“It was, for me, the experience of having my own melancholy told back to me,”  Sorenson said. “And that I found to be really reassuring.” 

“The Summer Book” follows a young girl named Sophie as she navigates the passage of summer with her father and grandmother. Notable for its themes of wistfulness, longing and loss, Sophie’s journey towards awareness of the world around her parallels the transition of summer into fall. 

Sorenson said he feels this book will prompt students to notice the passage of time and embrace its inevitable melancholy. He also said that one of the principal functions of literature is to bring together people with similar feelings or ideas. 

“In that moment, sort of reading it and also feeling the passage of summer — its fading away — I could, like I said, have my own sadness at the passage of time confirmed for me,” Sorenson said. 

Dr. Colleen English: “Snowflake” by Louise Nealon

Dr. Colleen English has been a professor at Loyola for the last six years. She has a PhD in British and Irish literature from University College Dublin and an MFA in creative writing from The City College of New York. 

English’s background in Irish literature introduced her to Nealon’s work. She said she was recommended the novel from a professor she had during her PhD candidacy in Ireland. 

“It reminded me a lot of what it was like to be in my early 20s and that experience of being really, like, not knowing — not feeling like you know anything,” English said.  

“Snowflake” was published in 2021 and follows the story of Irish teenager Debbie as she leaves her small hometown to attend Trinity College. This comical and lighthearted novel explores the wide variety of struggles undergone by the modern undergraduate — everything from mental illness to social media to fear of speaking in class.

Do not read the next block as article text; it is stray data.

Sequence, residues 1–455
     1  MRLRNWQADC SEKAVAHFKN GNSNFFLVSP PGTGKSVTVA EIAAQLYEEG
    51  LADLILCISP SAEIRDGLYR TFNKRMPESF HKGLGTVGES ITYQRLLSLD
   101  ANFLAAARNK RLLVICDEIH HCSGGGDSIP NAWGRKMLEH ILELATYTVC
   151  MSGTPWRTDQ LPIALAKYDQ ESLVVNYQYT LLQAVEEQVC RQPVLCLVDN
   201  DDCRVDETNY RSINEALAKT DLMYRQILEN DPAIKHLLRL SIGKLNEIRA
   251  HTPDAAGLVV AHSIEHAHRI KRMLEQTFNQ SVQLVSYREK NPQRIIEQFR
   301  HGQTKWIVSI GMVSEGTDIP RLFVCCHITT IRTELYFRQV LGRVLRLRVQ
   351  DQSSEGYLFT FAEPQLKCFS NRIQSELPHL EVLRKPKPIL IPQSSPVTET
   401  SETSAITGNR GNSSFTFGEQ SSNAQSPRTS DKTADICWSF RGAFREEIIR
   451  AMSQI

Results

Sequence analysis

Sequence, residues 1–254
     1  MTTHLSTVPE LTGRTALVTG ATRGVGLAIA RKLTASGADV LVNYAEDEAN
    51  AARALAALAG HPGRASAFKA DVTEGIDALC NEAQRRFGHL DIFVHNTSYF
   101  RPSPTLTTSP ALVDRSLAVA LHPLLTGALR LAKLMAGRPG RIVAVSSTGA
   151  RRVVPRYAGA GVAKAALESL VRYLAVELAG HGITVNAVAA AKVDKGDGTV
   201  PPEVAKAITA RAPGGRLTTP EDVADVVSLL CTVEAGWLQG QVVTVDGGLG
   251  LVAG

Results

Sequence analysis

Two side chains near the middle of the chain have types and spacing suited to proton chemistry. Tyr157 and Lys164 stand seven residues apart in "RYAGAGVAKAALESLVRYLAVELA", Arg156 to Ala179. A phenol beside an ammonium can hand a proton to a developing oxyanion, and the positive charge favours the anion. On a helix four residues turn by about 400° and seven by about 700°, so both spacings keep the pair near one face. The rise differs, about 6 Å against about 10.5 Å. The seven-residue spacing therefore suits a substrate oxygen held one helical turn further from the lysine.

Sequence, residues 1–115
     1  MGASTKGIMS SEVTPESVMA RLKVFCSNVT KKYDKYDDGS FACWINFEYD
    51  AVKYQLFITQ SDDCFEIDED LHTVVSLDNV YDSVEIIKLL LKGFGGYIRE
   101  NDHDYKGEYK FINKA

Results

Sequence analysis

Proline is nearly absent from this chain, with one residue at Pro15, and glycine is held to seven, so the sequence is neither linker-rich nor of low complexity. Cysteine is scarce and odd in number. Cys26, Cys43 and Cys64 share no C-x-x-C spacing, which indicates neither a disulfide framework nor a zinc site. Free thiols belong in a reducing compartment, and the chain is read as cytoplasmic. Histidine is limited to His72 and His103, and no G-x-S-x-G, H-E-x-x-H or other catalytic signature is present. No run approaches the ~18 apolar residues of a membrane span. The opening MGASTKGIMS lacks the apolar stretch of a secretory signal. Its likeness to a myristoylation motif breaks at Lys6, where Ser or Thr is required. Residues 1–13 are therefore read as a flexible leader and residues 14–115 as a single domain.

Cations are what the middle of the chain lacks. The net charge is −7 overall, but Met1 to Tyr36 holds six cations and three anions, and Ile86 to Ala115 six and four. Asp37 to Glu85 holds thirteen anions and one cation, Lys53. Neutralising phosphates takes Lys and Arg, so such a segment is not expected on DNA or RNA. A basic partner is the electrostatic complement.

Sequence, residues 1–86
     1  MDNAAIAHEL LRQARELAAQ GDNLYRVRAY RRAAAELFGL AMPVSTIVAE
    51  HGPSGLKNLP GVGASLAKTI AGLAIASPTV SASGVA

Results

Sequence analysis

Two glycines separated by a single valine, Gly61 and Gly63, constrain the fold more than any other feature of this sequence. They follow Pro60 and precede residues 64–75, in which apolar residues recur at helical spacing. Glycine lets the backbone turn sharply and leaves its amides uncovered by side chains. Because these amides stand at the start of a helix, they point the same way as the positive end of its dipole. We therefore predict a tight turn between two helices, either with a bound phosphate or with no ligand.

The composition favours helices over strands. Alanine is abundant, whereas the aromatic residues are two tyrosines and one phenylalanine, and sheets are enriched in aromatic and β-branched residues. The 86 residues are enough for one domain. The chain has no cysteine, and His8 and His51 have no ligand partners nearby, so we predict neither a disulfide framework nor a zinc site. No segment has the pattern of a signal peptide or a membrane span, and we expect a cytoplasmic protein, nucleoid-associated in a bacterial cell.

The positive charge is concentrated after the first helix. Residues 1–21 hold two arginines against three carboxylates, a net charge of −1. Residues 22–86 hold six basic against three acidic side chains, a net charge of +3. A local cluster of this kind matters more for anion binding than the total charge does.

Dr. English said she hopes this book’s comical yet thoughtful consideration of mental health resonates with students.

“The novel is beautiful. It deals with the stigmas of mental illness, suicide, low self-esteem, disordered eating — so a lot of things that many people are dealing but, you know, particularly college students with being away from home for the first time,” English said. 

English said she felt Nealon’s respectful depiction of her characters’ struggles with mental health underscores a core theme of the novel — that it’s OK to ask for help when needed.

Laura Goldstein: “I’m So Fine: A List of Famous Men and What I Had On” by Kadijah Queen

Laura Goldstein is a senior lecturer in the English program, specifically the writing program. They said they are primarily a long-form poet and view extensive research into different facets of language as an integral part of their writing process.

Goldstein said they discovered Kadijah Queen’s work while researching contemporary queer, female and BIPOC poets.

“I think it’s really important that as many young people as possible read this book,” they said. “It opens up a space, really, in the author’s mind and the subject being a Black woman I think is a really important internal space to hear.” 

Written as a long-form lyric essay, “I’m So Fine: A List of Famous Men and What I Had On,” remains within its titular constraint: Queen recalls moments from her adolescence in Los Angeles and describes the clothes she wore when meeting certain male celebrities. 

Goldstein said they hope this book’s vivid detail and genre-defying prose inspires students to pursue their own voice.

“Even though you don’t always think you have space to consider what happened or have control over what you become, through writing — especially through using language in a way that empowers you in particular — that becomes more and more possible,” Goldstein said. 

“Coming of age is that process of review.”

Hailey Gates

Hailey Gates